An Oceans Abcdarium created by the University of Applied Sciences in Mainz, Germany


Hannah Siehoff

The world’s population is constantly growing, at pace beyond the development of material means—which raises the question of how to provide humankind with adequate nutrition in the future. Up until now, most of our foodstuffs, on dry land as well as in the sea, have been produced in monocultures. It has however become clear that these monocultures are responsible for myriad negative impacts on the environment. For example, a study conducted in Korea found that while extractive organisms such as seaweeds are mostly farmed in the southwestern Korea, finfish, the main nutrient producers, are cultured in the southeast. This is causing ecological as well as economical issues. Both polyculture and integrated multi-trophic aquaculture production are two approaches towards a more sustainable marine food production. Both create balanced systems where several different species are cultured together, in which by-products from one species benefit another.The series of animated illustrations shows three foodstuffs with strong potential for future sustainable food production: kelp, mussels, and oysters.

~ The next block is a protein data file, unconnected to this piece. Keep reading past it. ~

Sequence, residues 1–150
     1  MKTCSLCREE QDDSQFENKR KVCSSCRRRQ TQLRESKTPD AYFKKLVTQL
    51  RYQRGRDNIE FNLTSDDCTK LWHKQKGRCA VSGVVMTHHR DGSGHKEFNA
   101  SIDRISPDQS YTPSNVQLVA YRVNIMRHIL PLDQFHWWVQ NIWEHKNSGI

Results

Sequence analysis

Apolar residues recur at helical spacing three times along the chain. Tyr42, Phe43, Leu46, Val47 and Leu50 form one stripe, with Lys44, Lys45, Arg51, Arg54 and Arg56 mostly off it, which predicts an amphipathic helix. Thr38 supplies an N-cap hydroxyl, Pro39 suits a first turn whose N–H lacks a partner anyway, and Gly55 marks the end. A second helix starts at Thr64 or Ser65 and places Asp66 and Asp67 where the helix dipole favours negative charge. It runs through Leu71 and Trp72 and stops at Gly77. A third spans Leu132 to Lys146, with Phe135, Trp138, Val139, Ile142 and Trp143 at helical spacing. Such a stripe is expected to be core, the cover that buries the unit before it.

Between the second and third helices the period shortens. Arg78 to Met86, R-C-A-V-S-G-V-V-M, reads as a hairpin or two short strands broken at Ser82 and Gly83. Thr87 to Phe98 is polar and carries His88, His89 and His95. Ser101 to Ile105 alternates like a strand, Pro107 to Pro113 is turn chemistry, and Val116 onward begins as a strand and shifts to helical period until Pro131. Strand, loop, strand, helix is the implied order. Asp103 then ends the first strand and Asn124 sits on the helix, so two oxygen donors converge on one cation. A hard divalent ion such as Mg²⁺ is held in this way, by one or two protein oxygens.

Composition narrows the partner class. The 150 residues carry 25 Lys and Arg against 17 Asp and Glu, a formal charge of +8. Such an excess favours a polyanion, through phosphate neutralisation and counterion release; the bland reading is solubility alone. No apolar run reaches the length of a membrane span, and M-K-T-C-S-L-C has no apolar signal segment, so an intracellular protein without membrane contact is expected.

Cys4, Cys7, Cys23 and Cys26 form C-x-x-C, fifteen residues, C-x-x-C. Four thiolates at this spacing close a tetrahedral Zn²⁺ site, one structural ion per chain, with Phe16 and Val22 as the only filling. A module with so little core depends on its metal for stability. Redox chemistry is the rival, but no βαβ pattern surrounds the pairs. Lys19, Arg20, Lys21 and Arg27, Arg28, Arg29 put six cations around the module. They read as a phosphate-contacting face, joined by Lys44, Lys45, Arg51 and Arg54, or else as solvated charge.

Sources: Park, Miseon et al., “Application of open water integrated multi-trophic aquaculture to intensive monoculture: A review of the current status and challenges in Korea”, Aquaculture, vol. 497, (2018): 174-183.